If you were following the recent mini statement from Chancellor George Osborne last week you will have heard how overseas investors in our residential property markets will now have to pay capital gains tax – just like they already do elsewhere in Europe.
The fact that overseas investors did not already have to pay this tax, which is of course already paid by any British citizen on a property which is not their main residence, had caused something of a sense of surprise to some and a little outrage too. Foreign buyers have been busy gobbling up more than half of the new build stock in recent years as well as large amounts of existing stock in the more expensive portions of prime London real estate. And often the properties are left empty.
Indeed, London property had become something of a safe dumping ground for the cash (all fair gained of course!) of many an oligarch from all around the world in recent years.
And so, the Chancellor was forced to act to remove this oddity.
So, all was well and good.
Or was it?
Look a little closer though and we can see that this change will not come in until April 2015 – and even then it will not be applied retrospectively on gains before this date.
So, an oligarch who bought a London bolt hole house for £3m in Kensington in 2008 could well find his or her house is now worth about £4m. Property prices have gained 34% in that time in this area.
As long as he sells before April 2015 he can keep the whole lot of the gain – as there is still going to be no CGT for him to pay. And even if he sells after that April 2015 the taxable gain will only apply for gains from April 2015 anyway.
Contrast this with the position of a British investor who has bought a second home for himself or to let it out. He will be fully exposed to CGT for his entire period of ownership.
Indeed, when the government abolished taper relief in 2008 (taper relief was the son of the earlier indexation relief, but they both had the effect of removing the impact of gains which were purely due to inflation) this change happened immediately and was retrospective too.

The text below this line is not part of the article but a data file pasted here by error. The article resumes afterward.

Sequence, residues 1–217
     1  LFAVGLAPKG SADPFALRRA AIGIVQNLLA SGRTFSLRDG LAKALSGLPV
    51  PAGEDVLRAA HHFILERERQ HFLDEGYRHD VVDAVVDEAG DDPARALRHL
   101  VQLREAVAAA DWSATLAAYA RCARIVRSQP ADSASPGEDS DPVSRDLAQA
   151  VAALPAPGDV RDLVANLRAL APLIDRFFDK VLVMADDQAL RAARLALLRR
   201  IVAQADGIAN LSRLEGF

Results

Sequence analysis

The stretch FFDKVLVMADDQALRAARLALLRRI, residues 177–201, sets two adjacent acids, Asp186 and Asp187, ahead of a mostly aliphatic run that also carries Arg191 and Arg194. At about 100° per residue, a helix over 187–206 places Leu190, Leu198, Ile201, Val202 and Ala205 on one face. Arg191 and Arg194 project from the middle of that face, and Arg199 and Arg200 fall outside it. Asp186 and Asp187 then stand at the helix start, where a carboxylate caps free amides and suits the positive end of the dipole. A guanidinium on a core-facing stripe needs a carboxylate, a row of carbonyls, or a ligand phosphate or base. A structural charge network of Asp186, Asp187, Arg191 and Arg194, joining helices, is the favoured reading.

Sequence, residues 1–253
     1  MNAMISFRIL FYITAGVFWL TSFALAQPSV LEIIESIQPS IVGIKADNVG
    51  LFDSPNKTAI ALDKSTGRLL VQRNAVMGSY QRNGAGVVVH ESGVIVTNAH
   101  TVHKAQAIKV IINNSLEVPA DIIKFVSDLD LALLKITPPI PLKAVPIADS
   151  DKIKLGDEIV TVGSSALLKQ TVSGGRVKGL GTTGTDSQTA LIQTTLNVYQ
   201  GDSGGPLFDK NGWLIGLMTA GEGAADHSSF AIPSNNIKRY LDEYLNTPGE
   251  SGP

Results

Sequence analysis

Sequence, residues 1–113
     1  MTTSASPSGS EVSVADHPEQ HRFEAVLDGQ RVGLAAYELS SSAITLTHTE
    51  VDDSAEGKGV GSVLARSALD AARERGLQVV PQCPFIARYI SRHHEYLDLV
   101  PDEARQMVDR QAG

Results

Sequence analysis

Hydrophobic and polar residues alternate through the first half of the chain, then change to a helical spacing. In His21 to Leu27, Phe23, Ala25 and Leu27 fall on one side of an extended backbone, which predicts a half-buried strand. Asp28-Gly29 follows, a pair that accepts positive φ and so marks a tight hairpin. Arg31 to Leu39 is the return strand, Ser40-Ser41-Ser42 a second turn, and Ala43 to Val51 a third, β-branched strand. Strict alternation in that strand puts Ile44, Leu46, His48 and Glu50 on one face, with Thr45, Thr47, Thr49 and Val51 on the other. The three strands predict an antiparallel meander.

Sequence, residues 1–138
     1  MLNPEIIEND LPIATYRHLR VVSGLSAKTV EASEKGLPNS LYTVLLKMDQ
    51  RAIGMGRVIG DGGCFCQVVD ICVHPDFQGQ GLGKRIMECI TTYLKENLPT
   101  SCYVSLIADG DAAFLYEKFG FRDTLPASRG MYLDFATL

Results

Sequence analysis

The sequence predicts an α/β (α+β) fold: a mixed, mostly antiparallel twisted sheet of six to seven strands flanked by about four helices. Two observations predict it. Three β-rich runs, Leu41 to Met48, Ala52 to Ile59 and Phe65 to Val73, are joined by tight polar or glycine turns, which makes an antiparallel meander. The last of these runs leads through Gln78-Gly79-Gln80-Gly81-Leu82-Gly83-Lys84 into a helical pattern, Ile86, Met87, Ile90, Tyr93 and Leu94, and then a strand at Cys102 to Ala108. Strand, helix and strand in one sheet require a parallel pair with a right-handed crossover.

For the British investor, back in 2008, there was to be no cosy two year window of opportunity in which they could sell their second houses and buy-to-lets and crystallise the gain whilst still taking advantage of indexation relief. No, the change was immediate and applied to all the gains on the property from the date it was first acquired as a second home or from when it was let out.
So that is why I say that British people have a right to feel like second class citizens, thanks to Mr Osborne.
However, listen to some on the right of politics and this is all Okay.
They seem to contend that all the foreign money pouring into the London property market and invested in houses that are not even let – the dark satanic towers of Belgravia and Kensington – is somehow supposed to be a good thing for the UK and for trade.
I have to say, I’m not sure I really understand the “feedback loop” here. I simply cannot understand how a foreigner buying a posh house in the West End is supposed to help UK PLC. How is this supposed to help a lady with a printing business in London or a man with paint factory in Hull? How does it help them get credit? How does it help them employ people?
Okay, the wealthy oligarch may need to call in Pimlico Plumbers to fix the loo from time to time and there may be some up market decorations to be bought from Harrods – but this is hardly the stuff of major inputs into our economy.
If we are to give foreigners tax breaks on investments here should we not be confining them to REAL investments in industries and services – especially those in leading areas of technology and which will generate some employment, not allowing them to use our capital as a safe sinkhole for them to enjoy big capitals gains on empty trophy homes.